It was an image from Neil Young’s iconic song “Don’t Let It Bring You Down.” On Aug. 23, the 1970s-era rocker was the old man “by the side of the road, with the lorries rolling by.” The $1 million LincVolt, a 1959 Lincoln Continental that Mr. Young had converted to a biomass-powered hybrid, broke down near Donner Pass in California.
Ironically, Mr. Young was en route to an environmental festival in Canada to celebrate alternative-energy sources and to oppose tar sands and oil and gas development. Fortunately, he was rescued by state troopers so he could get to his next gig, a photo-op in Washington with Senate Majority Leader Harry Reid to push for more federal energy mandates. On Saturday, Mr. Young will be in upstate New York to join with fellow songsters Willie Nelson, John Mellencamp and Dave Matthews to oppose hydraulic fracturing, which Mr. Nelson labels, “bad for the land, bad for the farmers, bad for the soil. It’s just all-around a bad idea.” There is no word yet if actors Mark Ruffalo, Matt Damon and Ethan Hawke or the bete noire of Beatles fans, Yoko Ono, and son Sean Lennon — all notorious anti-fracking nuts — will be there, but one thing is for sure: The media will cover the event.
What the media will not cover is the two mutually exclusive ideas that appear to be rattling around in their heads. After all, the reported mission of the Farm Aid 2013 concert in Saratoga Springs, N.Y., is “to keep family farmers on the land,” and, in Mr. Nelson’s words, “to encourage more young farmers to get back on the land.” That is exactly what a lot of young farmers, raised on land that has been in their families for five and six generations, want desperately to do. However, with young and growing families and with the cost of running a farm, they are not able to do so. Tragically — and for them, it is a tragedy — they view their parents as the last generation of farmers.
Their difficulties have increased recently as a result of the discovery of natural gas in shale deposits beneath those farms, but not in the way Willie and the boys might portray. The gas has made their farms more valuable and, therefore, says the county tax assessor, subject to higher taxes. Because of people like Mr. Young, Mr. Ruffalo and Ms. Ono, however, Gov. Andrew Cuomo has balked at allowing farmers to extract the gas.
The farmers are battling against what one reporter called a team of “deep-pocketed environmental groups, New York City lawyers, organic farmers, doctors, paid professional activists and high-profile celebrities.” It is particularly painful for the New York farmers, knowing what is taking place just across the state line in Pennsylvania. In the Keystone State, development of Marcellus Shale, which also underlies New York, is in full swing, and has been for a few years. Not surprisingly, the economy is booming there — and not just for those in the “oil patch” — as the rising tide that is natural-gas development lifts everyone’s boat. Out on the farms, young families are returning to the land, where their parents have paid off back taxes, repaired or replaced worn out or outdated equipment, and bought a new pickup or two. Meanwhile, the young people themselves, thanks to the booming economy, have paid off their college loans and felt the freedom to start families in earnest. There are naysayers, doom-and-gloom merchants and Chicken Littles, of course, but they are few and far between, and their predictions of the woes to befall Pennsylvanians owing to fracking have been disproved.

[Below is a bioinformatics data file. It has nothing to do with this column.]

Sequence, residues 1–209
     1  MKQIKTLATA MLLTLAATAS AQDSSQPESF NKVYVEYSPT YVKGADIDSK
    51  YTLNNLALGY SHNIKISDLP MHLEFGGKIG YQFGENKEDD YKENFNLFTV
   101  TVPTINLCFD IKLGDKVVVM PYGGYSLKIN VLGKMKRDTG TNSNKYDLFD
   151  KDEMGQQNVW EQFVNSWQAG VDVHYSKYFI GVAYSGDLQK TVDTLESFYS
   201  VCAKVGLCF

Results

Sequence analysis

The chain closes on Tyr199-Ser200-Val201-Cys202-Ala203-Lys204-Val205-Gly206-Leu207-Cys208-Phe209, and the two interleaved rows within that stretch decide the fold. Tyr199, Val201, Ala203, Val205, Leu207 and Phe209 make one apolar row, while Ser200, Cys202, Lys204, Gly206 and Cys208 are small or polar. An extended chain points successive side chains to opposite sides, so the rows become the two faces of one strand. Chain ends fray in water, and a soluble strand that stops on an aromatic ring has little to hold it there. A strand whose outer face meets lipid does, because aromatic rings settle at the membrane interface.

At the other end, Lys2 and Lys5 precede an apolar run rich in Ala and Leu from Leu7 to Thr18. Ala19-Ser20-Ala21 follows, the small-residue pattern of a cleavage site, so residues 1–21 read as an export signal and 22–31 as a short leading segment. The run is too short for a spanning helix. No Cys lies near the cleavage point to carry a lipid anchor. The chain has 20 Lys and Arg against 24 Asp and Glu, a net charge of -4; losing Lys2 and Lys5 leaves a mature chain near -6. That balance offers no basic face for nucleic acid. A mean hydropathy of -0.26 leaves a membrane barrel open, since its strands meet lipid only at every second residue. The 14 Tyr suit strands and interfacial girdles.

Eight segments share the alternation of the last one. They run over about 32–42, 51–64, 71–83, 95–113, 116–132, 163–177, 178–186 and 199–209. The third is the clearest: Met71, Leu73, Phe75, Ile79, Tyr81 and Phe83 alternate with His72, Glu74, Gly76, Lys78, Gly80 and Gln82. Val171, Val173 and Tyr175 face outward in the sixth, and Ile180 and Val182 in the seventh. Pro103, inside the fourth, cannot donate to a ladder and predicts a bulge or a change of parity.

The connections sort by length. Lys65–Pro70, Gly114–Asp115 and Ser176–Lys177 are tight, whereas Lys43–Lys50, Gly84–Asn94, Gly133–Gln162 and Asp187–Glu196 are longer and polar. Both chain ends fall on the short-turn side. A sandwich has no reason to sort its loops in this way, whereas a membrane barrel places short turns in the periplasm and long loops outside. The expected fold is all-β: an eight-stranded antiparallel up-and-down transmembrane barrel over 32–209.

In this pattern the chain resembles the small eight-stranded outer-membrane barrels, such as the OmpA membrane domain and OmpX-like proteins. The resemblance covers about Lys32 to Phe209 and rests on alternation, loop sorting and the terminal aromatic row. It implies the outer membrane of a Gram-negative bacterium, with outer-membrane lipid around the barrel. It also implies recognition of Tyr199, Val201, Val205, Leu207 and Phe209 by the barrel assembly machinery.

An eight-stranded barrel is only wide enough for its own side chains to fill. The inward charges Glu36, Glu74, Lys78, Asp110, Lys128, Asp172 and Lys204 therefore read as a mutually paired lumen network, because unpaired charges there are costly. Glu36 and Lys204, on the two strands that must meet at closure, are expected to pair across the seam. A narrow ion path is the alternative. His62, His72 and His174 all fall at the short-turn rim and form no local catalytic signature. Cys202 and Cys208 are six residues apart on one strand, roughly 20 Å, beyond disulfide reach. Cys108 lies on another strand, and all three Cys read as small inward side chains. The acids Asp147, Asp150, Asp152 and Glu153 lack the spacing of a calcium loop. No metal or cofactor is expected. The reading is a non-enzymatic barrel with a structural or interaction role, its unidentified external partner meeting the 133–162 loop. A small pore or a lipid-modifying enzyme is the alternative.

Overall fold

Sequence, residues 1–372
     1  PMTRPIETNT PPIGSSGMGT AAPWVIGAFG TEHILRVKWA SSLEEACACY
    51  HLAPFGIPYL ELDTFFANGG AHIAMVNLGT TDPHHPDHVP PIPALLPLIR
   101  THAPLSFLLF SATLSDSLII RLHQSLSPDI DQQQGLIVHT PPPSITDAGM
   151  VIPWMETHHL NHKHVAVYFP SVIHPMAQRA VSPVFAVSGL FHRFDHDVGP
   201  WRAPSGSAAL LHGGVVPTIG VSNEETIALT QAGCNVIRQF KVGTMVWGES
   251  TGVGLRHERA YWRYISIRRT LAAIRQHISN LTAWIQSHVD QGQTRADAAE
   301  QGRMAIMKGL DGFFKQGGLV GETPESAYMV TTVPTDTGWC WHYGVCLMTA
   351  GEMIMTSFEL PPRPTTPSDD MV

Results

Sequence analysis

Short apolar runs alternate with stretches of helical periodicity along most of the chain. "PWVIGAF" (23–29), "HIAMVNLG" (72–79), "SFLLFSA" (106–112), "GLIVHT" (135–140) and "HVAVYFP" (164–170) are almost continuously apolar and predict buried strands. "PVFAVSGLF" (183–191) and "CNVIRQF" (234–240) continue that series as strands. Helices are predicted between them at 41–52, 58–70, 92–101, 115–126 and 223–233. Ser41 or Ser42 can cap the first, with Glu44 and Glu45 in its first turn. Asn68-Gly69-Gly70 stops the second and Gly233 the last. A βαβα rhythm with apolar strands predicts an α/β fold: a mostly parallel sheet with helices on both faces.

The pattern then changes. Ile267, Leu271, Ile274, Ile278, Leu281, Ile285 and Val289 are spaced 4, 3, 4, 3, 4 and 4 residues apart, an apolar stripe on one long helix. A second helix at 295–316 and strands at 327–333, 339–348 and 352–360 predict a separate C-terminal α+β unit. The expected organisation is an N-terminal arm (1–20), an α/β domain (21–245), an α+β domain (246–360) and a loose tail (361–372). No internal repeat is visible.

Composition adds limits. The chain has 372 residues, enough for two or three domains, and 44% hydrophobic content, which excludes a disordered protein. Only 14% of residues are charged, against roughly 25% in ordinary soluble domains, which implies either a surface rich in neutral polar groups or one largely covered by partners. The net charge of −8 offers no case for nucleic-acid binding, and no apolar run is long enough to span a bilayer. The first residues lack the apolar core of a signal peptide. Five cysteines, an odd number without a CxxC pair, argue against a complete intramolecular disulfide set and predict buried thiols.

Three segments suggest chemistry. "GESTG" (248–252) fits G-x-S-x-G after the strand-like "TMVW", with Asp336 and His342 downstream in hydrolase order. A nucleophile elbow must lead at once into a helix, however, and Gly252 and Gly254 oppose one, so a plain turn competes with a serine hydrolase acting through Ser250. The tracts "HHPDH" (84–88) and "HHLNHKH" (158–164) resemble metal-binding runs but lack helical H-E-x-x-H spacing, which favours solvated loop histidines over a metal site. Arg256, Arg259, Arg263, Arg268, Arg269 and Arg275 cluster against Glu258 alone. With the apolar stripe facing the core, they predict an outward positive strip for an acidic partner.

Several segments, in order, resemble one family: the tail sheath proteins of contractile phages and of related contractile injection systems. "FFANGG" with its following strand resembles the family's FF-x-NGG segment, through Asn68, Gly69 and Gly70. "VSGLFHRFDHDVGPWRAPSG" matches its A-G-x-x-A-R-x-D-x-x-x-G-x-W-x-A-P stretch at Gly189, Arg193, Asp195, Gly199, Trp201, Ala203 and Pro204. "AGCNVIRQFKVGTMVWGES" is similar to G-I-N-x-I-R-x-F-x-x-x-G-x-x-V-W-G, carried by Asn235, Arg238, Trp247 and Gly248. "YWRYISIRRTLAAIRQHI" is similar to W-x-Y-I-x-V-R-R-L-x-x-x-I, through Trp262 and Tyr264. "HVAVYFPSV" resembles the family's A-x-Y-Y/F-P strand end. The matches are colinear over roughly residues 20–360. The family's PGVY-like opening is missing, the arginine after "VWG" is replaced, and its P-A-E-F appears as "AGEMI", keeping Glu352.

When the Farm Aid concert in Saratoga Springs is over, Mr. Young and the other rich and famous people will take luxurious limousines to the airport in Albany and jet off to various exotic locations. When Mr. Young’s hybrid automobile breaks down or his fancy alternative-energy supply fails, he can rely on the kindness of strangers passing by, slip back onto the coal- and gas-fired grid, or dip into his millions in the bank. But for the farmers, their families and their communities in upstate New York, he has only encouraging words: “Don’t let it bring you down, it’s only castles burning, find someone who’s turning, and you will come around.” Thanks, Neil; that’s real helpful.
William Perry Pendley is president of Mountain States Legal Foundation in Denver and author of “Sagebrush Rebel: Reagan’s Battle With Environmental Extremists and Why It Matters Today” (Regnery, 2013).